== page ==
As the buzz around Google's Glass cools off in the face of other wearables like smartwatches, Google has made its connected eyewear available to anyone in the UK through the Google Play Store.
The beta Explorer Edition of Glass went on sale at a dedicated site for Glass in the UK this June, but this week the company expanded its distribution to the Google Play Store under the Devices tab, where it also sells its much more affordable but less experimental Nexus phones and tablets. It similarly made Glass available in its US Google Play store last week.
In both stores, Glass is available for the same price it was previously — $1500 in the US and £1,000 in the UK — only now would-be Glass wearers don't need to register, so in a minor way it lowers the barriers to acquiring one. The bigger barrier of course is the price.
While in the US, Glass was limited to developers until around April — supplies permitting — in the UK it was available from day one to anyone interested in signing up. The UK launch was supported by a new Glassware app from The Guardian. Google also opened up a Glass Basecamp centre in King's Cross in London where buyers can go to get fitted for the networked eyewear.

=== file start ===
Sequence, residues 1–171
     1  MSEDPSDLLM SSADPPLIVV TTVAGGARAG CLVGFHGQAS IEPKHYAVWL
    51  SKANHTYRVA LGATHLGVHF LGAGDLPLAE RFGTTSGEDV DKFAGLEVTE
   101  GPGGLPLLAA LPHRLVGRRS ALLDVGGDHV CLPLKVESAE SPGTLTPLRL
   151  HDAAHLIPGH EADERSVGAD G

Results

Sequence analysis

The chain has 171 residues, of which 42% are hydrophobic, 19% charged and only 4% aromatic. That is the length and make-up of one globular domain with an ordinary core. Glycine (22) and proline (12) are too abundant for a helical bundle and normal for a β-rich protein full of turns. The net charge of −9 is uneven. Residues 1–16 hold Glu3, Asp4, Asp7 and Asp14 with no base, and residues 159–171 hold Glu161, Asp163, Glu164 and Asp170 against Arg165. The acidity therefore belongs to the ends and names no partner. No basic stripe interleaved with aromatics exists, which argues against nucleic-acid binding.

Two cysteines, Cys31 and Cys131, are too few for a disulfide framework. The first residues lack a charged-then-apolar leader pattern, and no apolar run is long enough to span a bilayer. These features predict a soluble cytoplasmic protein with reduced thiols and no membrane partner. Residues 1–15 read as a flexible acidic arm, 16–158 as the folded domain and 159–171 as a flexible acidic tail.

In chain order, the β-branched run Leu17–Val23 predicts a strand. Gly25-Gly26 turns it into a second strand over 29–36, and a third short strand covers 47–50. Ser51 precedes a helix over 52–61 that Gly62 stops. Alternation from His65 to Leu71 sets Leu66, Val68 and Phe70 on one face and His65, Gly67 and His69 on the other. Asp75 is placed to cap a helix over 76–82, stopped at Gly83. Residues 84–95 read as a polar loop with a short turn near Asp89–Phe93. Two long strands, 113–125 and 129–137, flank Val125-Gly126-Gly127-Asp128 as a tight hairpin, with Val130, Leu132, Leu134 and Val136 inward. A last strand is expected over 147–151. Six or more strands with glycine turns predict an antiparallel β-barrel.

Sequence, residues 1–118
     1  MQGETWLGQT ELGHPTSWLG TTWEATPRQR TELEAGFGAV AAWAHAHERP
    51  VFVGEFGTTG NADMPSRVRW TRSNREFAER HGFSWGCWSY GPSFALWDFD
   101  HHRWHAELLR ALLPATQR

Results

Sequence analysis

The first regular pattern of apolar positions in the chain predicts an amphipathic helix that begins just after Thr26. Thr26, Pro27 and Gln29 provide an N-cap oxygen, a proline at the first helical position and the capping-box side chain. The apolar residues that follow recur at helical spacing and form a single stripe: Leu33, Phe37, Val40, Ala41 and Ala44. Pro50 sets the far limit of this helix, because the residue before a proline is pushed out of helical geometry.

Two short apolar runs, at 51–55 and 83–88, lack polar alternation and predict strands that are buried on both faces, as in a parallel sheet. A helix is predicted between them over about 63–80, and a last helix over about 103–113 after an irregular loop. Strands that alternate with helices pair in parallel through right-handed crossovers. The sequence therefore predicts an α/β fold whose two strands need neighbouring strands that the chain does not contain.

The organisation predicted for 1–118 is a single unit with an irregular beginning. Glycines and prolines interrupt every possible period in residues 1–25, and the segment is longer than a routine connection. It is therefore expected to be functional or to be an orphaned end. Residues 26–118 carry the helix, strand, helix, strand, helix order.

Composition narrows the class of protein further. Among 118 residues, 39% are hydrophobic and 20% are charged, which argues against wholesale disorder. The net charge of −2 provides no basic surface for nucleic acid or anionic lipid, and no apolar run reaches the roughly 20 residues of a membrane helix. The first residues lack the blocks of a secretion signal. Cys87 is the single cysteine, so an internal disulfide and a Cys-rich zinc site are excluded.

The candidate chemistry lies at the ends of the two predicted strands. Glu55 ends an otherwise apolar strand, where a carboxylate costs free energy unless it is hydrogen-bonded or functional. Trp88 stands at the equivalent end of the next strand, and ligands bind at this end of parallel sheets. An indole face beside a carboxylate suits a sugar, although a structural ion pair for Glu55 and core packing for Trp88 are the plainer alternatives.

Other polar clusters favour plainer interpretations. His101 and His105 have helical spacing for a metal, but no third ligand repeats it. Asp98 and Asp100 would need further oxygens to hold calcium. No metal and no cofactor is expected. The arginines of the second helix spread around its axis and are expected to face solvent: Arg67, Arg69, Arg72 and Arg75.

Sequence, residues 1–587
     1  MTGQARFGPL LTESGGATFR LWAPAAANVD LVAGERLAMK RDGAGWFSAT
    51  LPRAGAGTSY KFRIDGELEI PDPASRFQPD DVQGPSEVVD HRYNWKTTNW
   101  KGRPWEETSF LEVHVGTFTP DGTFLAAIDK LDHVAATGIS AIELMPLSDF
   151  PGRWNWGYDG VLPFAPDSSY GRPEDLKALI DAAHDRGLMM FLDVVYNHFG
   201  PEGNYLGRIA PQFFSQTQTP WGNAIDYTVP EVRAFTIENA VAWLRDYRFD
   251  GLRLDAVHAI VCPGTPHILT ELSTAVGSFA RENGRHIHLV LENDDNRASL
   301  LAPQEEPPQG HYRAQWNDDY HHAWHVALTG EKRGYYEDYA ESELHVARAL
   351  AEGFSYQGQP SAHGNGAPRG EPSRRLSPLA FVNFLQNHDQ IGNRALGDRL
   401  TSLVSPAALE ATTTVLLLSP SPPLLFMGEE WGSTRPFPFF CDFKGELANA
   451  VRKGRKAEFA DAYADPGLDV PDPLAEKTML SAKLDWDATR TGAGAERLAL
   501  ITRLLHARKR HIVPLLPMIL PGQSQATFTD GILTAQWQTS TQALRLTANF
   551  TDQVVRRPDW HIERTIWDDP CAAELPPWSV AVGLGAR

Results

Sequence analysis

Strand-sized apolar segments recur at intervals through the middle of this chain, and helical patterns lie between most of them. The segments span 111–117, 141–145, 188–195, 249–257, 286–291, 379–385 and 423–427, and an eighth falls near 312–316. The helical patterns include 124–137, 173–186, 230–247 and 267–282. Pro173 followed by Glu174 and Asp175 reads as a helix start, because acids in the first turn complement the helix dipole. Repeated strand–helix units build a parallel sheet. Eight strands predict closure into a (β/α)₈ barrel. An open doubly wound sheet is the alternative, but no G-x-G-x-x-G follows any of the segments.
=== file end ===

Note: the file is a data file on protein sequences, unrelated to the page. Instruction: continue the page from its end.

Glass sets are now shipping with Android 4.4 XE16.0 and up, a tiny display, a five-megapixel camera and 720p video. It offers wi-fi and Bluetooth connectivity and comes with 12GB usable memory synced with Google cloud storage. The device also needs the MyGlass companion app for either iOS or Android.
Anyone that does buy Glass from Google Play can also want to install the latest version of Android for the device. Google on Monday released XE21.0, which fixes up sluggish Google Now card updates — cards being a critical way to relay snippets of information to Glass's small display. According to Google's support notes, it will only take "a few seconds to see updates to flight information and sports scores."
The other main update in XE21.0 includes new accident indicators to help users avoid potential traffic. As Google notes, the new feature comes from its Waze app and appears when looking up routes to a destination.
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